Tuesday, March 24, 2009
"It was all just a lot of fuss over nothing, wasn't it?"
How does something timely become timeless? What’s the secret sauce, as the Wharton grads say, that turns one into the other? Besides, you know, Time and Distance. The Rockies are huge close up, but they always dwindle away minute by in your rear-view mirror. That’s what happens to the timely stuff in a work of art; in the end, it’s so distant you need a Hubble telescope to see it. But the timeless stuff gets larger. You look in that rear-view mirror and even while the Rockies are shrinking, one mountain stays the same size, or even looms larger, as crazy as that sounds. To the naked eye it’s just the same as all the other mountains, so what makes this one visible? What makes this one count? (Case in point: Merchant of Venice. Shylock in 1595? Just as big as Portia, Antonio, Bassanio. Shylock in 2009? Not only bigger than everyone else in the cast, but bigger than the play he’s in, because we can’t not see him through the lens of the 20th Century.)
It’s like every creative work of art has seeds in it, and Time waters them all until some of them poke out of the ground, after which it pulls the weeds away so the flowers can blossom and keep blossoming long after its creator is dead, its initial audience is dead, and its critics are dead. That’s the image I’ve been picturing since I saw Exit The King with Geoffrey Rush last week. Ionesco wrote the play in the early 60’s, and even with this new translation/adaptation co-authored by Rush and director Nick Armfield, it still has a cloud of avant-garde patchouli hanging over it, like that girl you almost went to Woodstock with. But instead of making the play thin and trivial, Time has made it stronger and more meaningful. (Or maybe, because it’s about dying, it’s simply me growing old that made it feel deeper than a bunch of surreal gags.) (Either way, credit Time, okay?)
So what about the play I actually saw, as opposed to the one that’s in my head? Well, everybody in Australia knew that Geoffrey Rush was the best comic actor in the country long before I ever saw him in a movie, so his performance would be no surprise to them -– just me. As my friend Shannon said: “You know how when you love someone’s film work, you really hope they have the stage chops to back it up? This guy has the chops, and it really makes me happy.” And the play made me happy too. Yes, it’s a dramatized metaphor, but it’s delightful, moving, hilarious, absurd (duh), and Rush is all of these –- a limber-legged clown with amazing breath control who is so precise and loose at the same time that he threatens to tower over everything. But he doesn’t (except maybe when the Guard announces “The King is marching!” and Rush goes into this full-out two minute routine to music with Ray Bolger rubber legs and sly looks at the audience). (There’s a lot of fourth-wall breakage here too, and it’s all done just right.)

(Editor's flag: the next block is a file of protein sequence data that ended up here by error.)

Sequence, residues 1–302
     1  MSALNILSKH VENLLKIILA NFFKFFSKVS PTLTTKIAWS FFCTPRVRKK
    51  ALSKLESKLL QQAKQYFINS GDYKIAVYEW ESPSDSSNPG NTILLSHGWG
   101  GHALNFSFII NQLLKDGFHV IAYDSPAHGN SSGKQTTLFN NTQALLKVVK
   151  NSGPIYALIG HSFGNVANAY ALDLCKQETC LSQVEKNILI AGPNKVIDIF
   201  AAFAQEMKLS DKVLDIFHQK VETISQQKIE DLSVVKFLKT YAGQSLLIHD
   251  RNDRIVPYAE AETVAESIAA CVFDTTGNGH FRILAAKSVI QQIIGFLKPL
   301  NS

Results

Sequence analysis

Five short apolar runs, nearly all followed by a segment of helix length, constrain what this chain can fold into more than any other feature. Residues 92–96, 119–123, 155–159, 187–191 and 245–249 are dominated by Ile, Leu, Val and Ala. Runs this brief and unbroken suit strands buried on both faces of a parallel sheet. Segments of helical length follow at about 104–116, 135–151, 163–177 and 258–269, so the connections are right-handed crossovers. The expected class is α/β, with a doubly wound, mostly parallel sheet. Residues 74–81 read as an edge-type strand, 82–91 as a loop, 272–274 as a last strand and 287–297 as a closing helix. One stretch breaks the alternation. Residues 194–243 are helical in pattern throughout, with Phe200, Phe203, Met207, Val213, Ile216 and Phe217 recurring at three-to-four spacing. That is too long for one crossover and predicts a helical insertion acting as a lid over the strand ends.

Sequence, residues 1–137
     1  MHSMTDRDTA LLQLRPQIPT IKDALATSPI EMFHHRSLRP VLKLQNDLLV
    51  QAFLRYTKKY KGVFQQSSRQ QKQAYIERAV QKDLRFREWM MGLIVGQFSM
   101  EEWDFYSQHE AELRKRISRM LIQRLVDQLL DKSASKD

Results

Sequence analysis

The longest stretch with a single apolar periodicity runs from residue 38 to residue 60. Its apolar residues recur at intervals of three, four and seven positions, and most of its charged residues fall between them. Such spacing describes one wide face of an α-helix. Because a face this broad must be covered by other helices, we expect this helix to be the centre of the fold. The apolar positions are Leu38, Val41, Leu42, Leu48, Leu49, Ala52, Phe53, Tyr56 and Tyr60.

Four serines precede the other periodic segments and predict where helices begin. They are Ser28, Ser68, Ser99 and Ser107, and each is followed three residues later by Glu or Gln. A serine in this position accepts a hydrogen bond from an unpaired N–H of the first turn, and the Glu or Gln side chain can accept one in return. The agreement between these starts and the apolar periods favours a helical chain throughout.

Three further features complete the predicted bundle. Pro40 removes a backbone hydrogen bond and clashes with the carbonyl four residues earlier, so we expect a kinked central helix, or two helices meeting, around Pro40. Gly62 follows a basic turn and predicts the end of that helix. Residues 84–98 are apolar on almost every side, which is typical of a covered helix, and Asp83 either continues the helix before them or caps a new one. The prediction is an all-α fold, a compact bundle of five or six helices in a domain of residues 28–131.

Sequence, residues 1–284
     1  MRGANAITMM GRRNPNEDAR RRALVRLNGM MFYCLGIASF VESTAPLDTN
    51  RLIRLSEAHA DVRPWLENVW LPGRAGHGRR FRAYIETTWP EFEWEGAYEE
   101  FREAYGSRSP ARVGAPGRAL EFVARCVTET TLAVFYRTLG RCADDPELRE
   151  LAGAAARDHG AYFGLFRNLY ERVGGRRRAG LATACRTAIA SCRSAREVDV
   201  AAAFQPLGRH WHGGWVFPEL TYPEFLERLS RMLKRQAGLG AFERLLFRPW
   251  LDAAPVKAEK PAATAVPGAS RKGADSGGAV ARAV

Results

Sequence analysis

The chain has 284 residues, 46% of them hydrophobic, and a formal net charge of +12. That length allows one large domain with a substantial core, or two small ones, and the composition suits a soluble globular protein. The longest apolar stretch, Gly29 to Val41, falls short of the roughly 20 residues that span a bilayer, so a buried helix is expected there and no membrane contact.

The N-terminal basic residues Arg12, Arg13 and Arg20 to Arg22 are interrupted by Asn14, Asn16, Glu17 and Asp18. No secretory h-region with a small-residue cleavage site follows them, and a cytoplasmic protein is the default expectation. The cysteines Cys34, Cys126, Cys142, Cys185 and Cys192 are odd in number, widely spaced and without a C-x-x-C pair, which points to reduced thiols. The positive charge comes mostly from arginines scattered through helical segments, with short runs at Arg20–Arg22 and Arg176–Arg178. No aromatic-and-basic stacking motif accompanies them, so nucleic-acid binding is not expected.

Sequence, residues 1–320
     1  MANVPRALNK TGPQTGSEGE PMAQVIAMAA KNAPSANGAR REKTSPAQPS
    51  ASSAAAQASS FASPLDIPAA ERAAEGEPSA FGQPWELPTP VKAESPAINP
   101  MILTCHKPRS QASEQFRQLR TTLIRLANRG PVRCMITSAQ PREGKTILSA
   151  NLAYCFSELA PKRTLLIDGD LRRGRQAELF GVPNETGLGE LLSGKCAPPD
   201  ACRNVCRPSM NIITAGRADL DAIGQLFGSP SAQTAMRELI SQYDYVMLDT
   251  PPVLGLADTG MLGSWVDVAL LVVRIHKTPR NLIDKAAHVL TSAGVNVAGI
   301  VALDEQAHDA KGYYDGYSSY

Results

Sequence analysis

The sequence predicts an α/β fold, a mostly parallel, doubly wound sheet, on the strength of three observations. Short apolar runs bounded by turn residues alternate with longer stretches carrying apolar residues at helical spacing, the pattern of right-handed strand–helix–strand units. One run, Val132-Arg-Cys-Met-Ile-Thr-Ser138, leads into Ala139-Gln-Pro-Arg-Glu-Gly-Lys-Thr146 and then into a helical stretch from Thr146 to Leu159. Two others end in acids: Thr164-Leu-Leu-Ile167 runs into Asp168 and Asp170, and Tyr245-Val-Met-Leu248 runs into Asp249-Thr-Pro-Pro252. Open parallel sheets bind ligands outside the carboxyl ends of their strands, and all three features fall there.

But thanks to Neil Armfield's direction, Rush never becomes bigger than the play he’s in, and the actors around him carry their weight for the most part, from Brian Hutchinson’s jarhead guard (a great example of the timeless in the timely) to William Sadler’s straight-out-of-Moliere Doctor to Andrea Martin’s I’m-in-my-own-crazy-universe Nurse. The only disappointment, and it’s a minor one, is Susan Sarandon. She gets the hardest part –- Queen Marguerite is more a narrator than a character, sitting there on her bench being calm when everyone’s frantic and focused when everyone’s scattered and doing nothing but taking it when her husband and his second wife insult her -- but even so, it feels like everyone else is performing while she’s doing the DVD commentary. In vocal terms, she speaks the part like she’s laying down a master track and will get around to tweaking the lines in post-production. There’s very little range to her delivery, which on the plus side makes her final monologue a great you-can-hear-a-pin-drop finale to the play. But it’s nothing we haven’t heard for the last two hours (except for the amplified echo effect).
None of which is a hard knock, only a soft one. Not only is there an Ionesco play on Broadway, but it’s a great production of what looks to be a timeless piece of theatre. Go see it.
Oh and, uhm, this crazy little redhead?
Still out there proving there's nothing she can't do. Nothing, I tell you.